Of course, Scriptural knowledge and passion for a deep-diving, comprehensive biblical ethic have been little evident among America’s current purveyors of “Christian” politics. Instead, we see a love of missiles: spermatic missiles in the name of family values, explosive missiles in the name of national defense, budget-busting missiles in attacks on tax revenue. That the third is needed for the costly implications of the first and second is a point of logic that also has escaped notice. I guess if logic rates low, we can understand the links of Bachman to Kuyper. Otherwise, not.


James Bratt

James Bratt is professor of history emeritus at Calvin College, specializing in American religious history and especially the connections between religion and politics. Starting in Fall 2016 he took a break from blogging on The Twelve to teach in China and on the Semester at Sea, which venues afforded him some welcome distance from the USA’s descent into its current mortal illness. But now he’s back in the States, looking for hope. His most recent book (which he edited and completed for the late John Woolverton) is  “A Christian and a Democrat”: Religion in the Life and Leadership of Franklin Delano Roosevelt.


  • Justin says:

    Nicely put. I appreciate the insight. There is a great disrespect and ignorance in trying to equate Kuyper and Bachman. Unfortunately thinking about things is something many do not take time for these days.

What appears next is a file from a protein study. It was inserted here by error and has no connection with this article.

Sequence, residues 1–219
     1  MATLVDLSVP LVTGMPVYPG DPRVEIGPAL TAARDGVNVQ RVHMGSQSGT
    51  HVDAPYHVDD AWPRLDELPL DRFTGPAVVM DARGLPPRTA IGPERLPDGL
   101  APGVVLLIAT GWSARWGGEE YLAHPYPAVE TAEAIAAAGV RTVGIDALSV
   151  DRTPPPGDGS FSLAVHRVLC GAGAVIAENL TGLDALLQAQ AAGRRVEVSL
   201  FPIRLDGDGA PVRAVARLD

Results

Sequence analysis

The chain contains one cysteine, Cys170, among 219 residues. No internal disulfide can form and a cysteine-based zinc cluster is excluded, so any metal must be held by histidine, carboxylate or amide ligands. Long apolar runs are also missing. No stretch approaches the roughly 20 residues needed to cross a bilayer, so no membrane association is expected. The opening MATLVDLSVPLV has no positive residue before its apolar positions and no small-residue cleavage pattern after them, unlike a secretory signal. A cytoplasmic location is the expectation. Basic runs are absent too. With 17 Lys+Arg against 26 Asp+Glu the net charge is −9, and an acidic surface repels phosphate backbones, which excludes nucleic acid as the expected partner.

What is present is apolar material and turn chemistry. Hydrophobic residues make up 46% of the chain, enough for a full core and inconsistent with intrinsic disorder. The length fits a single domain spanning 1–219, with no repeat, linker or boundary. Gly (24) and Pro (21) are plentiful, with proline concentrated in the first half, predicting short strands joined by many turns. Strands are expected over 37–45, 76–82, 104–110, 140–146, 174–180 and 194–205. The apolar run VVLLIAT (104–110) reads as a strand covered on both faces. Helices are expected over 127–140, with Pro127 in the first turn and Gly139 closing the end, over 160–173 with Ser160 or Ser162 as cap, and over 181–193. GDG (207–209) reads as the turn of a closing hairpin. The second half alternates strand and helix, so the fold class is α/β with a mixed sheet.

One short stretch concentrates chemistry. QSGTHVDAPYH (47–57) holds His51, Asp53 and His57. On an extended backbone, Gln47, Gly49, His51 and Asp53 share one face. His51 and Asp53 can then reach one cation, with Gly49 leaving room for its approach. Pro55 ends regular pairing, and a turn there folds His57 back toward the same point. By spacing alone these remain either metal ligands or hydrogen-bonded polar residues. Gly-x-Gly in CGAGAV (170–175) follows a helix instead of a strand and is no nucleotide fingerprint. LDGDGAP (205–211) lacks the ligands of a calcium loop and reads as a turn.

• Daniel Meeter says:

    Thanks for this Jim. I remember how excited I was as a teen-ager reading Kuyper's little book on Christianity and the Class Struggle, and how far it away it is from anything in the politics of Bachman and her ilk.

  • Paul Janssen says:

    The devolution from substance to ephemera brings to mind Updike's "In the Beauty of the Lilies.". Sad.

  • William Harris says:

    Is such a dismissal really that easy?

    It would seem that the social philosophies of Bachman and Kuyper both spring from roughly the same Calvinistic root, and particularly the rejection of the a sort of pietism (in American terms, that of the individualist Fundamentalism of mid-century). In fact, this is a common path, the evangelical or charismatic wants something more, a fuller way of living one's life in the world.

    Whether we call it "reformed" or "kuyperian" that social vision is strongly appealing. People want to have a way to make their faith real in the world, especially in a world that seems to be rejecting the Gospel.

    The failure in Sister Michelle is not in her coming to political consciousness, but rather — dare I say it? — in her heart. There is little apparent awareness of the Gospel critique of her own life. But then again, in fairness, the act of politics often precludes this self-awareness, rewarding as it does those who put on the brave face and forthright focus.